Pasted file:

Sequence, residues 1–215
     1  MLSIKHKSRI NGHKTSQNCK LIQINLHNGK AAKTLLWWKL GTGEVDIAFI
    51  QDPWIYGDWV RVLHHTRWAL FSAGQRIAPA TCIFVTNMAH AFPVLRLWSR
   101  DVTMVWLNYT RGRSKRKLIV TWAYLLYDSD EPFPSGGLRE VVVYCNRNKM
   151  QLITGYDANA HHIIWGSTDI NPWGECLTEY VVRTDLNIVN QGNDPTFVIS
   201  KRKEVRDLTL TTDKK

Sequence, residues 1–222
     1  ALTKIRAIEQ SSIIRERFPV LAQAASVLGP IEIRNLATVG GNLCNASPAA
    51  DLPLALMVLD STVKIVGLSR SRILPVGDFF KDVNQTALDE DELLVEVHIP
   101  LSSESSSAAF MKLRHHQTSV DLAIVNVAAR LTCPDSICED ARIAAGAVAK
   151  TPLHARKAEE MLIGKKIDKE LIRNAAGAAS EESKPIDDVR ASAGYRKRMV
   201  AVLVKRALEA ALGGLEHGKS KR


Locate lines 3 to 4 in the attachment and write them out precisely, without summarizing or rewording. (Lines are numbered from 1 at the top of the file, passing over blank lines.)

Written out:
    51  QDPWIYGDWV RVLHHTRWAL FSAGQRIAPA TCIFVTNMAH AFPVLRLWSR
   101  DVTMVWLNYT RGRSKRKLIV TWAYLLYDSD EPFPSGGLRE VVVYCNRNKM